the router lifetime of TRiin should be carefully
calculated accordingly.
The candidates of TRiout ,next and TRiin ,next
should exclude the vehicles which will move
out the segment during the router lifetime. The
farthest and closest candidates away from the
RSU will be selected as TRiin ,next and TRiout ,next ,
respectively. Finally the TRiin will broadcast the
result of new inheritors.
(d) Intra-segment Packet Train Movement
Phase. In this phase, a priority policy should be
designed to guarantee that the forwarding packets
can be delivered to the Trout of the same segment.
The priority of TRiin transmission should be highest since it is in charge of forwarding packets sent
MAC Protocols in Vehicular Ad Hoc Networks
Figure 7. Slot allocation of CVIA
from router of previous segments. To achieve this,
TRiin only need to wait for a SIFS period as its
active slot starts.
(e) Local Packet Gathering Phase. In this
phase, TRi-1 aims to receive the data packets of
those vehicles in the same segment. All vehicles
in segment Si have the same priority for accessing channel. Therefore they access channel in a
contention-based manner. To avoid the occurrence of collision, each vehicle should wait for
a random period of time. An awaken sender can
access channel if it detects that the medium is idle.
In case that the medium is busy, the sender will
again wait for another random time period. In this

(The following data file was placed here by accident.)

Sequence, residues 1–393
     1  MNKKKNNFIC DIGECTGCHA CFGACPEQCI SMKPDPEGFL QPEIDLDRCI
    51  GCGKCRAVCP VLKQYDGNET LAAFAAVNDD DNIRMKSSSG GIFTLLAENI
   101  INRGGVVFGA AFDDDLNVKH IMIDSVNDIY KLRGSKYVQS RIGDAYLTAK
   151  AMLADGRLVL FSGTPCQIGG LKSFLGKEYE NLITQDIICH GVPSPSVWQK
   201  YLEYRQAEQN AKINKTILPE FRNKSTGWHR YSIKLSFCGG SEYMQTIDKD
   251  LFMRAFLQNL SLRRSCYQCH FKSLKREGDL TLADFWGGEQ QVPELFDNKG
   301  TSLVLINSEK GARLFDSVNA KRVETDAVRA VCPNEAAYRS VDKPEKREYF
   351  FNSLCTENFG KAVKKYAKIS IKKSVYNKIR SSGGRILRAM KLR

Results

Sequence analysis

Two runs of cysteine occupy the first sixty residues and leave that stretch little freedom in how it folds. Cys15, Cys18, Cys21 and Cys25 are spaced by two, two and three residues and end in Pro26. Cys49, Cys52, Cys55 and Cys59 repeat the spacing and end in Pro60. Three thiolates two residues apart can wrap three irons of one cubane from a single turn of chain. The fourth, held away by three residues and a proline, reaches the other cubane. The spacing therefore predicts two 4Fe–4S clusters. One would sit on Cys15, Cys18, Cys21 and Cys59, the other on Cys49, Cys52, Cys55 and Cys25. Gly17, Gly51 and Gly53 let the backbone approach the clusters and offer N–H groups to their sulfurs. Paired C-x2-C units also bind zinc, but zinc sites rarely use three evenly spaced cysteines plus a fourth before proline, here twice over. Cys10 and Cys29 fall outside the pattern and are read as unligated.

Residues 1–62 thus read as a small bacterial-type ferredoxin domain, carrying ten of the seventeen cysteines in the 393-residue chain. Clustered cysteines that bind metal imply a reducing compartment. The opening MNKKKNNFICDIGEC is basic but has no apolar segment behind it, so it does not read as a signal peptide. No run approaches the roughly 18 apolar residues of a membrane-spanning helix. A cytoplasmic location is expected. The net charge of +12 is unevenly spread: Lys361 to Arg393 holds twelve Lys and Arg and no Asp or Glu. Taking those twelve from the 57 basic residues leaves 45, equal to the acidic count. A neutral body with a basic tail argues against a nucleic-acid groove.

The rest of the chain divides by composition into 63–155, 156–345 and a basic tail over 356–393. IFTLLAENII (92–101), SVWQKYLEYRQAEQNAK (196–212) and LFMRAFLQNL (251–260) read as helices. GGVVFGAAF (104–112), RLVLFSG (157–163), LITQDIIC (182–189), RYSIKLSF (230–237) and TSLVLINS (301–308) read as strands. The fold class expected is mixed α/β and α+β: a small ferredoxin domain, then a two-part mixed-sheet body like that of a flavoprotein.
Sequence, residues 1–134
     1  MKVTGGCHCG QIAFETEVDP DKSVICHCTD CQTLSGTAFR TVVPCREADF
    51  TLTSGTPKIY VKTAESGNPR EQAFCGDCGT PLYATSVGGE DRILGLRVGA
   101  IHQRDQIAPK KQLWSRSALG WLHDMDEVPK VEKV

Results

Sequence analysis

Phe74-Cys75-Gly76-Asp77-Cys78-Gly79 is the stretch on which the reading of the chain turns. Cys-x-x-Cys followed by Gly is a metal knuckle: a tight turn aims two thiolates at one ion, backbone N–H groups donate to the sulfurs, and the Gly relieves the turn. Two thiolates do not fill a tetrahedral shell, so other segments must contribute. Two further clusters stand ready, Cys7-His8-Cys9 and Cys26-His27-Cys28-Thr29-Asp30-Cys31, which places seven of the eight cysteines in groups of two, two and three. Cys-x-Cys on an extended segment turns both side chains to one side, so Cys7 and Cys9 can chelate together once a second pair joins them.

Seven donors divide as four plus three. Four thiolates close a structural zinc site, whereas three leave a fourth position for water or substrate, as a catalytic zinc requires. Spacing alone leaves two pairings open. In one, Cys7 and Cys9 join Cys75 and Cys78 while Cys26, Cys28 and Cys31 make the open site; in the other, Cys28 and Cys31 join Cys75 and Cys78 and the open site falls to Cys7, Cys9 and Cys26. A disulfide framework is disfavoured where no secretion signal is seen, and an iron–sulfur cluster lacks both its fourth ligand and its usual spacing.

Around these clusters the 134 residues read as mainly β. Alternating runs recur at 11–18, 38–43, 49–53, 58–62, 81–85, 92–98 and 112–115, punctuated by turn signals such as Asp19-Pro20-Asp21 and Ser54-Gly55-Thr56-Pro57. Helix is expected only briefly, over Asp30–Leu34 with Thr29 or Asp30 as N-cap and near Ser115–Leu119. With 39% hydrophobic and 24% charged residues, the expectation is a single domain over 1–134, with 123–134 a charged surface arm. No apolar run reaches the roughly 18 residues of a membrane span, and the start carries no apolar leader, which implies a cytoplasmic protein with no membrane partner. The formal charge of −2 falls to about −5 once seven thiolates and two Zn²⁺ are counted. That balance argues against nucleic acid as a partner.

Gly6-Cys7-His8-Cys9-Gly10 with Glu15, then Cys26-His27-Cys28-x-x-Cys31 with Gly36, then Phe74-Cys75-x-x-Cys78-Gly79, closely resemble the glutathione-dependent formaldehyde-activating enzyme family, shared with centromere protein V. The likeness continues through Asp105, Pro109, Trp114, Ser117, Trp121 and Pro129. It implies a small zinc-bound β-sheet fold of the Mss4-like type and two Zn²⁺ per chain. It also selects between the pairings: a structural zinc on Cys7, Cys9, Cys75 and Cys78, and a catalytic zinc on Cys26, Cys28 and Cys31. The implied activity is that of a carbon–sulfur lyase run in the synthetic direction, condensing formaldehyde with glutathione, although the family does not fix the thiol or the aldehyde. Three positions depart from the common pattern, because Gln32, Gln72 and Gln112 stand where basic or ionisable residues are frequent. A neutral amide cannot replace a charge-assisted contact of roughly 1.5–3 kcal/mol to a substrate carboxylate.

out
phase, TRi has the highest priority to transmit
in this phase. To maintain the fairness among all
vehicles in different segments, a predefined size
for local packets will be the constraint for data
transmission in each segment. Since Trout is
responsible for receiving all local packets in this
phase, it can be aware whether or not the size
of received packet is larger than the predefined
189
MAC Protocols in Vehicular Ad Hoc Networks
size. If it is the case, the Trout should broadcast
a message to terminate this phase.
(f) Inter-Segment Packet Train Movement
Phase. In the last phase, TRiout will create a new
packet by combining the packets collected in the
Intra-segment Packet Train Movement Phase and
Local Packet Gathering Phase. The new packet
will be sent to the router of next segment. Then
this phase will be terminated. All vehicles move
back to the inactive state and wait for the next
active slot.
In summary, the CVIA protocol improves the
performance of transmission in the environment
which takes into consideration the vehicle-to-vehicle and vehicle-to-roadside communications. The
packet collision ratio of CVIA decreases and the
fairness among segments are achieved. However,
the fairness is achieved between segments, rather
than between vehicles. A particular case that one
segment has light traffic demands and the other
segment has heavy traffic demands, allocating
same bandwidth to all segments is not a good way.
In addition, the bandwidth utilization of CVIA can
be further improved. To avoid packet collision,
each segment is assigned with an equal-length active slot. However, the constraints of packet size
for different segment are different, which results
in unused bandwidth occurred in the segment farer
to the RSU. As a result, bandwidth utilization can
be improved. Besides, the slot-based approach
requires accurate time synchronization which is
difficult to be implemented in the real world.
Vesomac mac protocol
In a VANET, emergency message such as accident information should be broadcasted within
an acceptable time period. To avoid the transmission delay raised by collision and contention, a
TDMA-based system would be a better candidate